Coffeehouse of Glory - the Complete Recordings version
Author: Robert Force
Date/Studio: 1990 Synergy, Chimacum, WA
Engineer: Neville Pearsall
Producer: Nick Dallett
Original Release: Port Townsend Dreams (BAF 2)
Current Release: The Complete Recordings (BSR 158)
This song marked a turning point in many ways for me-- both as a songwriter and as a person living in the world. It is about the passing of Charlie Berg, Bergo Deano, as he called himself. Of him I could easily write an entire book. Like the song says, he was my teacher. He taught me songs. More importantly, he taught me to just sing what I heard the way I heard it.
He and I made several cross-country trips together, once in a VW bug he had “borrowed” from an old skipper of his. Several months later he returned it to the skipper's consternation who had reported it stolen. Charlie was never big on property rights. Later I learned he had to build a fire under it in Montana to warm the oil up sufficiently to turn over the engine. Original. But he was from Bozeman and I suppose that was a trick the locals all knew.
He started off a damn fine violinist and even had invented a vibrato bowing technique that won him some acclaim. Over the years he got worse and worse-- or better and better, depending on how you look at it. He forsook the violin and took up fiddle, scratching out Holy Modal Rounder tunes, AmTrads and even a little Grateful Dead when the fancy struck him. He LOVED being irascible.
From time to time he'd wander into people's houses and remove Gurdjieff's, Beezelbubs Tales to his Grandson if he thought that person wasn't reading it. He himself had read it three times just like the master asked. He'd hold it ransom or pass it along to someone else he thought should have it. Strange as it sounds, it was a part of who he was. No one who ever dealt with Charlie thought it odd.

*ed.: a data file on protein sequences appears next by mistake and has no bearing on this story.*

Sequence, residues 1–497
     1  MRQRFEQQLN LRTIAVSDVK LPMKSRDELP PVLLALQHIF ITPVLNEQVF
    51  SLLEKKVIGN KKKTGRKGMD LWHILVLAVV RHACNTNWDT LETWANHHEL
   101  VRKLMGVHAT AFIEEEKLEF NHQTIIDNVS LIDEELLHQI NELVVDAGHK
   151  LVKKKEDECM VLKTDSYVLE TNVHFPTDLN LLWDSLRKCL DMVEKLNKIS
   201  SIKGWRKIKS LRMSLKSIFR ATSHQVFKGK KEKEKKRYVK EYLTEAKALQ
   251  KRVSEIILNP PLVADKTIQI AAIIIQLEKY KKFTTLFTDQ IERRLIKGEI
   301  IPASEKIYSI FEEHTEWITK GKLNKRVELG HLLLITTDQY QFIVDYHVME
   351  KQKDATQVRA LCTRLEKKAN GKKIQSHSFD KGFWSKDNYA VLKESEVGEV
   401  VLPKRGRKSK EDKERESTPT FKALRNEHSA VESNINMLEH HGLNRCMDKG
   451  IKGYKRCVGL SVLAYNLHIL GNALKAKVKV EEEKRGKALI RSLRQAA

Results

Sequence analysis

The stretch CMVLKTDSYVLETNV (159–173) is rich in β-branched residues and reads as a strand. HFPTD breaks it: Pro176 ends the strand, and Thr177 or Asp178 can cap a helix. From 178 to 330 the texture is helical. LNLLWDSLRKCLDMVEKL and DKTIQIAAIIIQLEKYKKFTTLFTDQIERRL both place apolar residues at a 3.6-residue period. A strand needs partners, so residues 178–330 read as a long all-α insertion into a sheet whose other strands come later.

The song takes up when he was living in a cabin in the town of LaConner, WA and using his Volvo PV544 as a chicken coop. At that time Tom Robbins was hanging out in the local tavern and pumping the river rats for stories to use in his book, Another Roadside Attraction. I am more than sure Charlie gave him earfuls. He was never short on flights of the imagination or home-spun homilies.
An image from the song talks about “lighting up the grass 'round Fishtown Slough.” His cabin was on the edge of a marsh. In the Pacific Northwest we often only see the sun for a quick glimpse as it sets below the clouds in the west. In that magic moment, the tips of the grass light up with an ethereal, bright fire. It is not quite as elusive as the “green flash” but close.
If you netsearch on “Fishtown LaConner” you will find it was an early “boat people” gathering place, harboring writers and poets who were later to become well-known and quite a few other quasi-miscreants and sailboat hippies who weren't so destined. It's all gone now. Just like Charlie. The coffeehouse era is also pretty much gone except maybe in my version of heaven where Charlie has angels slamming down beer mugs, pounding out the tune and belting the words to Old Plank Road.
Perhaps one of the most poignant lines is, “If you have to knock, you don't need to come in.” That was Charlie. The door is open and if you don't know that, you shouldn't be here. That line, I learned later, originated with Joe Breskin when they were inner city, gung ho, bicycle riding, health food fanatics in Seattle, Joe being the lead guitarist of a seminal psychedelic Seattle band, The Clockwork Orange.
I recorded an earlier, string band version just after Charlie died. The one on Did You I wanted to be a stand alone-- just me and my dulcimer. Charlie's was the first time I knew in a very visceral way we, none of us, are immortal. My kids still remember me suddenly getting quiet and writing the words on a napkin as we returned on a ferry boat from visiting where we thought he'd be found up at Jeff Margolis' cracker barrel hangout, Everybody's Store, near Deming, WA. The words came all at once.